Just 39 days after Hideki Matsuyama claimed the biggest prize ever won by a Japanese golfer, the second major championship of 2021 will tee-off in South Carolina.
This week’s PGA Championship takes place at Kiawah Island which became famous 30 years ago when it hosted the most fractious Ryder Cup of all time.
In September 1991, unruly and rowdy spectators helped to create an atmosphere so hostile that the match was dubbed the ‘War On The Shore‘ by the golfing media.
The Americans snatched a narrow 14½-13½ victory after Bernhard Langer missed a five-foot putt for a tie, on the final green of the final singles.
Langer remarked, many years later, “it was the first time the Ryder Cup nearly got out of hand.”
Paul Azinger, now a TV commentator, became embroiled in an argument with Seve Ballesteros and famously made a crass comment comparing his team’s success at Kiawah Island, to his country going to war with Iraq earlier that year.
Spaniard Manuel Pinero, who played in 1981 and 1985, and was helping European skipper Bernard Gallacher in 1991, described the week as his worst experience at a Ryder Cup.
He said the fans became “too involved in matches” and at times were “too close to the players.” He admitted being “worried about the future of the Ryder Cup”.
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Thankfully, 21 years later, the atmosphere was much calmer when Kiawah’s Ocean Course staged its first major championship which was won by a 23-year-old Rory McIlroy.
And it’s back to the beach again this week, when the players travel to the Atlantic coast for the 103rd PGA Championship at Kiawah Island Golf Resort, situated some 25 miles south-west of Charleston.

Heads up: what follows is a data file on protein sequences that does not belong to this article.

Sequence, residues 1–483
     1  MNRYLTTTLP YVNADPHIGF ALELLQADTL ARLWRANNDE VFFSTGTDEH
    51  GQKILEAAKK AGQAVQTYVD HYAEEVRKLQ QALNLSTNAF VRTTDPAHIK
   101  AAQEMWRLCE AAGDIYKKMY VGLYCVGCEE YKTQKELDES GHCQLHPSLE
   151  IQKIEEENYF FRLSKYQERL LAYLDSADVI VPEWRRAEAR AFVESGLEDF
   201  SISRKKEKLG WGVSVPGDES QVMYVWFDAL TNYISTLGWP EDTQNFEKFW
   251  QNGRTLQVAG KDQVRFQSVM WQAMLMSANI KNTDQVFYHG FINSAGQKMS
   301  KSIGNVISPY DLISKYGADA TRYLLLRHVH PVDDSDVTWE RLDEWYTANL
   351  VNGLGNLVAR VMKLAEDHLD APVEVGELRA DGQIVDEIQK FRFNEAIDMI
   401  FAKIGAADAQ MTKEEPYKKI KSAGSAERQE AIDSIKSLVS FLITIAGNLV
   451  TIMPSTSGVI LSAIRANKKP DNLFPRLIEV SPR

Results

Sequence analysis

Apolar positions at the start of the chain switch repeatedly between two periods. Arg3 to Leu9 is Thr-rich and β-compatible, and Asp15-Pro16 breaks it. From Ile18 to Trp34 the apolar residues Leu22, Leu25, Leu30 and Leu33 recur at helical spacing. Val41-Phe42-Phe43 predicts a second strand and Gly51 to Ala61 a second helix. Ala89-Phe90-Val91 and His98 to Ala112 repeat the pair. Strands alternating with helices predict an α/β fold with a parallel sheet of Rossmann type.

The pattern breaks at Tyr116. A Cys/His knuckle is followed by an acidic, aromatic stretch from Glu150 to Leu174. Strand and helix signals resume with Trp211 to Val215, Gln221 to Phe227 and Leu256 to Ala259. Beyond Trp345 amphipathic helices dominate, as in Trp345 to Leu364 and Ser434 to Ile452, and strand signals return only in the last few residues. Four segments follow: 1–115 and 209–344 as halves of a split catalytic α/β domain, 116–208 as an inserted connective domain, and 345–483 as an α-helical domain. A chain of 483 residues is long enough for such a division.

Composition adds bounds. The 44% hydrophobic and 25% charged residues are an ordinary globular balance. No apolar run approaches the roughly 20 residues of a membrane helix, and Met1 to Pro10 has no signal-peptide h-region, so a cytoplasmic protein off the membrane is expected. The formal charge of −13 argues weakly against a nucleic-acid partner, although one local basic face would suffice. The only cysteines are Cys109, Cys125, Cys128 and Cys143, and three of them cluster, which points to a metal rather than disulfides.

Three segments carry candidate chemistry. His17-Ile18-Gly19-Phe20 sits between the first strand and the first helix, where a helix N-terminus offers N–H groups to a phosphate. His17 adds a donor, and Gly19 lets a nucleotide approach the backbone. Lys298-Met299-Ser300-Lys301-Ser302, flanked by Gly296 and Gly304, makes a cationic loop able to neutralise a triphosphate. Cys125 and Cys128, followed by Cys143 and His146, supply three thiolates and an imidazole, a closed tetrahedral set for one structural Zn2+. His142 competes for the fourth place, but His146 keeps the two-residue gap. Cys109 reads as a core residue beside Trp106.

The Ocean Course was designed by Pete and Alice Dye, and opened in 1976.
Thanks largely to its coastal location, the venue certainly resembles that of a British links course, with weather to match.
The Ocean Course is reckoned to be one of America’s toughest layouts, with the 2012 PGA Championship being the first major in history to be contested on fairways and putting surfaces covered by paspalum grass.
Sand and coastal scrub is in plentiful supply on most holes, and there are many twists and turns, and fairway-kinks, along the way.
Water is realistically a threat on 10 holes, and maybe a few more depending on how wayward a golfer is.
Since America triumphed at the 1991 Ryder Cup, it’s generally been an unlucky venue for home golfers.
In 1997, when the World Cup of Golf was staged here, the tournament was won by Ireland, with Scotland runners-up. Colin Montgomerie won the individual event while the United States, represented by Justin Leonard and Davis Love, joined forces to finish third.
Leonard and Love had both won majors that year, but were unable to prevent European golfers from occupying the top four positions in the individual competition.
Six years later the World Cup of Golf returned to Kiawah and was won by South Africa. England, France and Germany came next, with the hosts – represented by Jim Furyk and Leonard – finishing in a tie for fifth, alongside Ireland. The format had changed by then, and there was no individual event.
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Another nine years on, and to the final major of 2012, which witnessed McIlroy’s amazing eight-stroke triumph – and it remains a record winning margin for the PGA Championship. Englishman David Lynn finished as runner-up, with seven Europeans and three Americans occupying the top 10 positions.
In many ways, Europe has exacted its Kiawah revenge over the United States, many times, since the infamous Ryder Cup of 1991.
Meanwhile, the PGA of America has agreed for 10,000 fans to attend this week’s tournament on a daily basis.
Twitter: Andy Swales@GolfStatsAlive
Note: List Contains Leading Reserves